Make: Range Rover P38
Model: 4.6 HSE
Engine Size: 4.6
Refrigerant Type: 134A
Hi all. IÃ¢ÂÂm totally new here. Over the weekend I vacuumed out my A/C system as IÃ¢ÂÂd lost quite a lot of pressure. The vacuum held steady for 30 minutes which seems to be the normal check, so I began recharging using 340g cans of 134A. I noticed the low side was rising quite high, and also the high side was rising. I donÃ¢ÂÂt remember this happening before. After one can I tried adding another. The capacity of the system is 1250g. Nothing was moving so I started the engine and engaged the A/C. An awful noise came from the compressor, and neither the low or high sides moved.
So, I strongly suspect the compressor has had it, and I intend to replace everything EXCEPT the evaporator. There are two reasons for this; (1) The entire HVAC assembly was replaced about six years ago by the local Land Rover agent and (2) the job of removing the dashboard to gain access to and replace the evaporator is a three day job. I think you can understand my reluctance.
I have read many of the very helpful posts on flushing the evaporator, and the many opinions on the best method and flushing solution to use. All this information has left me to be slightly confused. Is there any update on the most appropriate flushing procedure for the evaporator, and the most appropriate cleaner to use that will totally evaporate?
I understand your confusion; there are hundreds of ineffective methods, chemicals, and hack procedures to be found on the internet. Unfortunately many of the chemicals, tools, and methods being propagated; can, will, and do produce a negative effect on the intended result.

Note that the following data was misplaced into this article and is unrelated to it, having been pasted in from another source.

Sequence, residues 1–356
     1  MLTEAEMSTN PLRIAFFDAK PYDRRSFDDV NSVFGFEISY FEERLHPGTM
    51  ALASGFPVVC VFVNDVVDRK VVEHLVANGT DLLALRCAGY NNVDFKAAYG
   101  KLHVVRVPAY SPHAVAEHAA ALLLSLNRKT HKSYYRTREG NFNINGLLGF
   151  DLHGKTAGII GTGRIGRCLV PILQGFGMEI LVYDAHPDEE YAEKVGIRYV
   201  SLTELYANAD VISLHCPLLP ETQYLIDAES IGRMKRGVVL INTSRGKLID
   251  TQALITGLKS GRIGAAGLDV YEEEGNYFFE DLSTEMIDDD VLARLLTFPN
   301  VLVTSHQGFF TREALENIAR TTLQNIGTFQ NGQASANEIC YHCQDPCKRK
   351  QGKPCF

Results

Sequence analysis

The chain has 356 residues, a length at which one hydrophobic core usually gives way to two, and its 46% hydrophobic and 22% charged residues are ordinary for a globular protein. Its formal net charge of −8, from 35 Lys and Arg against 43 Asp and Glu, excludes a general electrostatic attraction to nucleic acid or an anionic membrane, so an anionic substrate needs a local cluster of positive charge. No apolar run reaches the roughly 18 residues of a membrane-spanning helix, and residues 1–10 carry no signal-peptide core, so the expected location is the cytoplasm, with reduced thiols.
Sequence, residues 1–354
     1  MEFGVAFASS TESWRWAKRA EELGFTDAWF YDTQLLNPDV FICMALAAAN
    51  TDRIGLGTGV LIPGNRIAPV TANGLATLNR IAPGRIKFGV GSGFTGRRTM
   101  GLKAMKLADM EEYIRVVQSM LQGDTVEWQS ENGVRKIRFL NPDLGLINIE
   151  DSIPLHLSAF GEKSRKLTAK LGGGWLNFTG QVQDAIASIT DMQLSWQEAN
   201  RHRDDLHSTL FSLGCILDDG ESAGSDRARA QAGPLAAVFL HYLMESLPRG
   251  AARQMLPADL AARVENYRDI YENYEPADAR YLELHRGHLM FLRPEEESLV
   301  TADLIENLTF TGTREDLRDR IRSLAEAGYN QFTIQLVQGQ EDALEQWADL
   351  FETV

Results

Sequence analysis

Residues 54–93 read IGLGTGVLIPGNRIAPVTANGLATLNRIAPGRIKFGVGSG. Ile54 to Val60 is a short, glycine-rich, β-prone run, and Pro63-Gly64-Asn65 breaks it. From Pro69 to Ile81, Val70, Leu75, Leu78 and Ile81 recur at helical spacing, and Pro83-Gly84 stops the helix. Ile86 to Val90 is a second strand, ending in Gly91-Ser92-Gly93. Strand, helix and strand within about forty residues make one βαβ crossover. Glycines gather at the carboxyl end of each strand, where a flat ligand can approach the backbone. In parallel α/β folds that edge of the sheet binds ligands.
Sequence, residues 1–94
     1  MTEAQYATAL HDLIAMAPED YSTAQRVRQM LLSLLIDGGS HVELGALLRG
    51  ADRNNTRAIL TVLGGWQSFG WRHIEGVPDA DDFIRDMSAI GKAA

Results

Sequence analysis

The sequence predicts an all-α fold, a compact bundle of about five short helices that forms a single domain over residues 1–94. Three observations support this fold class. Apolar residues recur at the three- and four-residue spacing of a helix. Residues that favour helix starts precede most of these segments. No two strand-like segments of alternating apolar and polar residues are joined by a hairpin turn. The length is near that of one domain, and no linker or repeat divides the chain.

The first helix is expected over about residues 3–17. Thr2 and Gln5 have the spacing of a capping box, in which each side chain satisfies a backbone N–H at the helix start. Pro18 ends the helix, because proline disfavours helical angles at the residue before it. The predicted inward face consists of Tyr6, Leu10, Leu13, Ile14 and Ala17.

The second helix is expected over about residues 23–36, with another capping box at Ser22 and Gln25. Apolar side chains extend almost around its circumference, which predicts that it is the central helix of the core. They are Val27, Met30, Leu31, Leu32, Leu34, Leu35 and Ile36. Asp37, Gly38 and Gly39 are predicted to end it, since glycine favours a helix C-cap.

The first step in evaluating the most appropriate evap flush procedure; is to understand if the expansion valve (TXV) is accessible and removable, without the extent of work required to replace the evap. If it is, then solvent flushing would be most appropriate as the entry level tooling starts at just under $500.00. If the TXV is not accessible separate from the evap, then a refrigerant flushing method must be used (or replacement). A refrigerant flush cart can be near $10,000.00.
Thanks for the reply. The TXV is accessible from within the engine bay, and is one of the components I've ordered and will replace. I have purchased a pressurised flushing canister with the hose and flushing gun, as I thought (based on my research) I will need to use a solvent to flush out the evaporator. I understand the danger of not removing all fluid in the process, so I wanted to know which solvent I should use that will remove any debris AND evaporate completely.
All this said, I won't know how badly contaminated the system is until I begin to dismantle everything. I'm just looking at the worst possible case, and trying to get prepared. The cost of all the replacement parts is not cheap, as most are genuine Land Rover parts. Having to replace the evaporator is almost a step too far, though I realise it would be ideal. I'm really trying to avoid this at any cost.
Good, with the TXV accessible in the engine bay, you do not need to remove the evap. to perform a proper repair. Since you are replacing the TXV, if needed for access, you can drill the old TXV open to make a flush fixture; reinstall and use the hoses to aid in entry and exit flushing points (clean the lines also). I would recommend running a minimum of I gallon of solvent at a high flow rate.